I don’t know how long I had been staring at the clock, but it felt like hours. Strangely, it also felt like minutes. I was having trouble figuring out the difference.
My eyes strayed from the clock to the room — a sterile room with white walls, beeping machines and an uncomfortable bed. I was lying in the bed with my neck procured in a bracing and my wrists tied loosely to the siderails. I could feel tubings in my nostrils, chest and skull — though I couldn’t see or touch them. I would later learn that my arms were tied down so that I wouldn’t pull those tubes out.
I knew I was in the hospital, but it would take a while to remember what happened. I wiggled my toes. They moved. Well, that’s a good start, I thought.
I turned my attention back to the clock. No matter how long a stared at it, I couldn’t tell the time. I could read the numbers, but I didn’t recollect which hand told the hours and which one told the minutes. Come on, I thought. You knew this yesterday.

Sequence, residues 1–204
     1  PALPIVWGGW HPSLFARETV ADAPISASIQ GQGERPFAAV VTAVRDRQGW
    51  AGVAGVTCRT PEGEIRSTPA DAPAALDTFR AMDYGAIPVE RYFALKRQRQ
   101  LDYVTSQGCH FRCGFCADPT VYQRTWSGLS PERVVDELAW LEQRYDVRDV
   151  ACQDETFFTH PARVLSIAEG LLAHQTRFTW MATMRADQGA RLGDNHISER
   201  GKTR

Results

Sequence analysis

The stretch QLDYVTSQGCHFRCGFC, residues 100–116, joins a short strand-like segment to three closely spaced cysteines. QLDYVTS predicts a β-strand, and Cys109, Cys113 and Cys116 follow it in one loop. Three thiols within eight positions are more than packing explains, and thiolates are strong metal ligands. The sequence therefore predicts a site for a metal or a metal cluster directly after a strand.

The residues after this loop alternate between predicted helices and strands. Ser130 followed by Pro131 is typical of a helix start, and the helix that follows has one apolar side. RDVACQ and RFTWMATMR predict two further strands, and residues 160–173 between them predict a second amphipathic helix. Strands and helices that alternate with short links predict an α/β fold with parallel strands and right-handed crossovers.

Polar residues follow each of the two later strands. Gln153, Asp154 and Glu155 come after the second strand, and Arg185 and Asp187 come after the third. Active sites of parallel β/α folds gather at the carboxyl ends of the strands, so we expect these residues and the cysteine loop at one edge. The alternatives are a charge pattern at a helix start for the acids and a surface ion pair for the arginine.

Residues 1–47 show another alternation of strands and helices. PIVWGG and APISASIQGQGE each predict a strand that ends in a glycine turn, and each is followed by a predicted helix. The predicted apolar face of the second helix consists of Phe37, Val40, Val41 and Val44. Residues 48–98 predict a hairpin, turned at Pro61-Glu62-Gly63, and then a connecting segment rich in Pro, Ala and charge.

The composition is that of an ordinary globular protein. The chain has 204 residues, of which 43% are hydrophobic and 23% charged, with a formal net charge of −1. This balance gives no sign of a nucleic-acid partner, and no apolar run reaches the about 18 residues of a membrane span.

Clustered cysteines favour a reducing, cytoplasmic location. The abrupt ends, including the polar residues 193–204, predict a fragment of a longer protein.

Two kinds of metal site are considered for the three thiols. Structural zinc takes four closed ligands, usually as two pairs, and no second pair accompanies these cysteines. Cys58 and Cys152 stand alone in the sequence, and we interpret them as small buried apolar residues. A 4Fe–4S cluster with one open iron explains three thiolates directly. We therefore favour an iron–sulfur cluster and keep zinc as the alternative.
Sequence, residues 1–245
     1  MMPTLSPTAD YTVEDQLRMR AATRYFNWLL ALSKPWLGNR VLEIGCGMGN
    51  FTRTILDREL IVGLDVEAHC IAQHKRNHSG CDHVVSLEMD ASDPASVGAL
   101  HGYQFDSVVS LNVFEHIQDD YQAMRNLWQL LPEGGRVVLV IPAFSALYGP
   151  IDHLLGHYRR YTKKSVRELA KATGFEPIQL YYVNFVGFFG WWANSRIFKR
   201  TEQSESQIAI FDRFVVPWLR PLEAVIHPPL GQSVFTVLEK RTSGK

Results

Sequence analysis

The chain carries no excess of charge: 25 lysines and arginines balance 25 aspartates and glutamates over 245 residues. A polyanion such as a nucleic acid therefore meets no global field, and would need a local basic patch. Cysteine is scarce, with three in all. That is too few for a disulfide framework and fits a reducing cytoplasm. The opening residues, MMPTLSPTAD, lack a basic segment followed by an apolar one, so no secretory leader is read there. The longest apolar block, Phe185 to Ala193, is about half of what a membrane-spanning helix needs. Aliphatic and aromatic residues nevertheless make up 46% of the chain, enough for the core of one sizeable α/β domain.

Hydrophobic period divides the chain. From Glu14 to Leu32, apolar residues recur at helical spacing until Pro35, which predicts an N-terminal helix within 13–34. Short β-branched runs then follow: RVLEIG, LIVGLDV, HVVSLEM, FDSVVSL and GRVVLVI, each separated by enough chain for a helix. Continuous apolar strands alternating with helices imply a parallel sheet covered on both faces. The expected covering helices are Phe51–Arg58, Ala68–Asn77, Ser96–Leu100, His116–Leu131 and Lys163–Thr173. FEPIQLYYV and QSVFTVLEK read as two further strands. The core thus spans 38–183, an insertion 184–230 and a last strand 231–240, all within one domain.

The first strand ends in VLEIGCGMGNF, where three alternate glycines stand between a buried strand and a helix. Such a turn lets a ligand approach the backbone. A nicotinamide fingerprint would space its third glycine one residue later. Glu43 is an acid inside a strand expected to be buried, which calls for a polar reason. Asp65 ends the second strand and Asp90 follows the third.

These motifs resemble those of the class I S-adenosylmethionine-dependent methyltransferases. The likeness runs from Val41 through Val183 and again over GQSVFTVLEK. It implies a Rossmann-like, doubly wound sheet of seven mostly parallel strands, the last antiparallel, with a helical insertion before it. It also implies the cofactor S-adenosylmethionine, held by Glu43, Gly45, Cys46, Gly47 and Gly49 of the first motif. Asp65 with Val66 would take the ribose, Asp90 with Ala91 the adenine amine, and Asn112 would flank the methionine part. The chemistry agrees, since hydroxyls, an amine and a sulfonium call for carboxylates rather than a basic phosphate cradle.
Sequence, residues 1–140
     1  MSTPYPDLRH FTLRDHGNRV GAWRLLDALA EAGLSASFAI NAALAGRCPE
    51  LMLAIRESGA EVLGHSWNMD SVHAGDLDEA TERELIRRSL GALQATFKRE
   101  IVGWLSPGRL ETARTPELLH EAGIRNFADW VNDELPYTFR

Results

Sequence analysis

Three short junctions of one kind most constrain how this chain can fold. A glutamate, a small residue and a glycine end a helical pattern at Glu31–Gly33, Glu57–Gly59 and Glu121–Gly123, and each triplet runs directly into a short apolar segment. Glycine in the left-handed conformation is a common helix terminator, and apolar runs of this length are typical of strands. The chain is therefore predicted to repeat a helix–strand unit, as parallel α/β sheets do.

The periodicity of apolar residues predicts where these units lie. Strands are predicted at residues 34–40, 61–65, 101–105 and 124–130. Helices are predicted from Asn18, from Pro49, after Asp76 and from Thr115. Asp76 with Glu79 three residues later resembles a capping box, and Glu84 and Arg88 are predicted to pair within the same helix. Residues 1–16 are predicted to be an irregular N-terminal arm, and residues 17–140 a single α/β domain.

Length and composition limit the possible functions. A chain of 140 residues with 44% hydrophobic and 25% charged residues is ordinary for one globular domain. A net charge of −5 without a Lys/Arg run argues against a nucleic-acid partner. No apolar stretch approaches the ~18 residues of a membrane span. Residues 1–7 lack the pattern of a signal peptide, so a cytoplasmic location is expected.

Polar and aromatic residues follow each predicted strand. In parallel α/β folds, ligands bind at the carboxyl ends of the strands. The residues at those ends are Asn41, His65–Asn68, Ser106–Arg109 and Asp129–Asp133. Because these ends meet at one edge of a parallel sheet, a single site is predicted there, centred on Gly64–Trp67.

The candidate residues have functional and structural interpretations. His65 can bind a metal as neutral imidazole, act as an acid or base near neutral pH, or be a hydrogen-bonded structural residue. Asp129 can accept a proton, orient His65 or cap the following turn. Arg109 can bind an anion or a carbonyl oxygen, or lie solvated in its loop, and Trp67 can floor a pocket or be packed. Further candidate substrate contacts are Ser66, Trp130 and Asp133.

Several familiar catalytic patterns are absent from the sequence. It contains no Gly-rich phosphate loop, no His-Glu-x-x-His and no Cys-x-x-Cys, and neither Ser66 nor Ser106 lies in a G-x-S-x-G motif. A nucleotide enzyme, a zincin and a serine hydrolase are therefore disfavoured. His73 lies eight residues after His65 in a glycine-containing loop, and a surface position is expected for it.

I looked at the date written down the whiteboard next to the clock: Sept. 22. Clearly the last day I recollected wasn’t yesterday. In fact, 12 days had passed.
The World Went Dark
Just “yesterday” I was doing yoga and power walking through my Denver neighborhood. I was 30 years old and had just moved to the city to start an evening law-school program.
It was a warm night, and I had stopped to buy a bottle of wine on my way home from class. I planned to open it when I got home to celebrate the completion of my first month of school. Regrettably , not everyone on the road that night waited until they got home to imbibe.